01 Nov What is an Identity? The Japanese Case
What is an identity? How can we build it? When talking about identity, certain aspects beg the question – what does ‘identity’ imply? The fact is that even though every individual and/or organization has a unique configuration, identity characteristics are constantly emerging. The externalization of these characteristics shows the viewer, with images and a clear message, what they can expect. Let’s talk about identity through the history of the Japanese Empire.
A set of qualities, behaviors, and expressions surround an identity that then builds up an impression. This impression with its properties is how we as consumers find affinity or rejection. That’s why it is vital to keep careful control of you or your brand’s identity. The easiest way to create and amplify your brand’s identity is through storytelling.
In 1853, Japan was a divided country. Each domain had its own characteristics so their sense of belonging wasn’t primarily Japanese but mainly provincial. However, that summer something happened. Americans arrived with war ships demanding a trade treaty. Japan (日本), a country that already suffered from a lack of unity, had the West knocking on its doors.
The official in charge of foreign relations (Tokogawa Shogunate) faced an unprecedented dilemma. Their traditional foreign policy was at odds with the demands of the Western world. During the last 200 years, Japan had adopted an isolationist policy that did not allow contact with the outside world (Sakoku 鎖国). Japan wasn’t very knowledgeable about the progress and developments throughout the rest of the world. When Japanese officials tried to change external policy, due to a new world landscape, their own traditional stories worked against them. People refused, internal discourse grew even more fractious; all because their traditional identity didn’t match the needs of the new world.
Even though Japanese politicians tried to change their organization, the internal identity of Japan refused to budge and the long regime collapsed 15 years later.
The new regime that was established decided to foster the growth of a new national identity for the people of Japan by combining new concepts with traditional stories. Using the Emperor Fable, they “restored” the Japanese story and developed a way to modernize their country. At the beginning, those who supported the restoration process felt betrayed. Finally, the image of the emperor and the empire worked to eliminate those sources of insurrection.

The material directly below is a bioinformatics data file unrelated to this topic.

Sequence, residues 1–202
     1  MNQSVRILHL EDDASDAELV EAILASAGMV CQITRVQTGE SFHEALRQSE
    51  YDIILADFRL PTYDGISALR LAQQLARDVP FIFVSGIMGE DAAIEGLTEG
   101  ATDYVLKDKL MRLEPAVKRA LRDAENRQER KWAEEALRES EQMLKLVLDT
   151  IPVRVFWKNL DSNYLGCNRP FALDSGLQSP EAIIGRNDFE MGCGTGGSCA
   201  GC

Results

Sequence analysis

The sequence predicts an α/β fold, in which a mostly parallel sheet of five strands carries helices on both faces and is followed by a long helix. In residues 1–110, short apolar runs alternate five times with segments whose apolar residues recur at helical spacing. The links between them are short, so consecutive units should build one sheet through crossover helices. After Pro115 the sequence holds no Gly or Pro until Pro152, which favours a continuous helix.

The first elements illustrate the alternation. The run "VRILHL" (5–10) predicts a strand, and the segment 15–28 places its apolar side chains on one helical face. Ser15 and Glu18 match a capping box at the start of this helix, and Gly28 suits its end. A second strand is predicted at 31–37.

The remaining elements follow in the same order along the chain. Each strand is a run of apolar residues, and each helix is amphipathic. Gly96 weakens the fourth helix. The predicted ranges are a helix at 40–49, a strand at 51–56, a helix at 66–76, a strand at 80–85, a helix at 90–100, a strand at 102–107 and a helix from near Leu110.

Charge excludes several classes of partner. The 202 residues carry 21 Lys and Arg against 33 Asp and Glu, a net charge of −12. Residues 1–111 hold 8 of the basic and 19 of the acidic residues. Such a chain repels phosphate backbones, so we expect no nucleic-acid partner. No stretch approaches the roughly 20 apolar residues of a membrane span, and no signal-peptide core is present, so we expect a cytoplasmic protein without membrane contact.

Identity, Why do you Need it?
When Japan was trying to modernize it faced a problem: how to be on top without sacrificing who they were. They began adopting all practices that, to their eyes, made the Western culture successful. Japan rebuilt their entire governmental structure. They even adopted Western mannerisms and food. However, by preserving their national identity, and constantly referencing to their respective past, they maintained their traditions. They also amplified the cult of the emperor to every person in the Japanese archipelago.
If they hadn’t managed to create the story of their future as a Japanese empire, they would’ve collapsed under the suspicions of being traitors and only following foreign interest. The new regime realized that maintaining Japanese purity, and keeping everything just as it was, would disintegrate their nation from the inside-out.
Keeping a clear story that binds your values, your image, and organization together is the essential tool to make any enterprise go forward. The narrative should keep its message simple and its objective clear. As soon as values or situations differ from the current context of your company, it is time to review the interpretation of it and change the image to show a new perspective. If you don’t, your path may become obsolescent.